"We predicted the link between inflammation in the brain and the buildup of damaging proteins, but even we were surprised by how tightly these two problems mapped on to each other," said co-author Thomas Cope of the Department of Clinical Neurosciences at the University of Ca...

Lab Discovery Offers Promise for Treating Multiple Sclerosis

A new discovery could lead to better treatments for multiple sclerosis (MS) and other autoimmune diseases, such as psoriasis and rheumatoid arthritis, researchers report.

MS occurs when immune cells get into the central nervous system (the brain and spinal cord), causing nerve damage that results in neurological problems. However, the cause is unclear.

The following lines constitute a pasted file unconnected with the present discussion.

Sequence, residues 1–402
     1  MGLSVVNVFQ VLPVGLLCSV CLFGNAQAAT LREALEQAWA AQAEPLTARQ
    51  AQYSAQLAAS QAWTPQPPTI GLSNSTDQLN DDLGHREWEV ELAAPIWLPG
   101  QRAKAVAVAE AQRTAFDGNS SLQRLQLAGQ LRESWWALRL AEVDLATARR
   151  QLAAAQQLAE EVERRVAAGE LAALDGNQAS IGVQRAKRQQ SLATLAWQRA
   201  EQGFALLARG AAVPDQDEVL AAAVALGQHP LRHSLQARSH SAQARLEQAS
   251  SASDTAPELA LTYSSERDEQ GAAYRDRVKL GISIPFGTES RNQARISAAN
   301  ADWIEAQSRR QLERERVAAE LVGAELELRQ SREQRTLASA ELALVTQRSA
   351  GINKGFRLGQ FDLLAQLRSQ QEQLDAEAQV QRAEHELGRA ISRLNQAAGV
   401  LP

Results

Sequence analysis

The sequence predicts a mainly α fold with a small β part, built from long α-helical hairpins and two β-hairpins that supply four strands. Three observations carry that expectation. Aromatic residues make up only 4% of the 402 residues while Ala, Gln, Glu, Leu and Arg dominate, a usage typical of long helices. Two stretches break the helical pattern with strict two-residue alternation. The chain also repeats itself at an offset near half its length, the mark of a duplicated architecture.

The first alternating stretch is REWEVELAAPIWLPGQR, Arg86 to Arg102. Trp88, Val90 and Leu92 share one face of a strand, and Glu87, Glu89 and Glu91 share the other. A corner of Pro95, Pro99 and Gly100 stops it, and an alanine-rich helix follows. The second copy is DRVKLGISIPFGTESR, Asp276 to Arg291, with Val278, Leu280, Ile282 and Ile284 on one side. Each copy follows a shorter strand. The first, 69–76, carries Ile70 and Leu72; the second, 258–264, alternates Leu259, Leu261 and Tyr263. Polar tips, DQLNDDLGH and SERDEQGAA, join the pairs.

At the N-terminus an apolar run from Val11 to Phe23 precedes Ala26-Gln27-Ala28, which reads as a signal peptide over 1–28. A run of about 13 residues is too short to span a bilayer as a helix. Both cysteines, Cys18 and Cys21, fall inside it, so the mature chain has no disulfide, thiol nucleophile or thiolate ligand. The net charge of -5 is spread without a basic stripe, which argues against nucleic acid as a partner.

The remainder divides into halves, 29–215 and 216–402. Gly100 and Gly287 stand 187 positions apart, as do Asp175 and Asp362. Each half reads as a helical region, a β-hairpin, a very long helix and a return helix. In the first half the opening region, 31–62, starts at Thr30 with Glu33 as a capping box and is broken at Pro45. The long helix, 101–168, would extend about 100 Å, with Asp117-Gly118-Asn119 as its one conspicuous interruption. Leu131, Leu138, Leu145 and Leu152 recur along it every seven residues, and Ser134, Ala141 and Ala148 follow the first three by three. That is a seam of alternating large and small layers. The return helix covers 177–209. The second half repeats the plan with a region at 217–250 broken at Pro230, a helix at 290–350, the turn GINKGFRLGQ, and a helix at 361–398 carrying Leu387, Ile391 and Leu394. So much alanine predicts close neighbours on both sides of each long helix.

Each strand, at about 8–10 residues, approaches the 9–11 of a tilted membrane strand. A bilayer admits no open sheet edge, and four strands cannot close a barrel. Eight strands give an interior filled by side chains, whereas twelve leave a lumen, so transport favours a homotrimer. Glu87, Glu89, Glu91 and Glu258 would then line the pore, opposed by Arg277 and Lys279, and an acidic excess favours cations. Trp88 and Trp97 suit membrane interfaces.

Studies in a mouse mo...

High-Tech 'Exoskeleton' Can Give Mobility Back to People With MS

Most people take the ability to move for granted, but not Kathy Miska.

Miska has had multiple sclerosis for two decades now, and her ability to get around has deteriorated steadily.

Now, a new robotic exoskeleton is giving her an opportunity to regain some of the mobility she's lost to the degenerative nerve disease.

"You can definitely tell when you get out of the suit....

Prices of MS Medications Keep Soaring

The cost of essential medications for multiple sclerosis have nearly tripled this decade, despite the release of the first generic MS drug, a new study shows.

The 2015 release of glatiramer acetate -- the generic version of Copaxone -- did nothing to halt skyrocketing prices for MS medications, said lead researcher Daniel Hartung. He's an associate professor of pharmacy with Oregon St...

Breastfeeding May Bring Added Bonus for Women With MS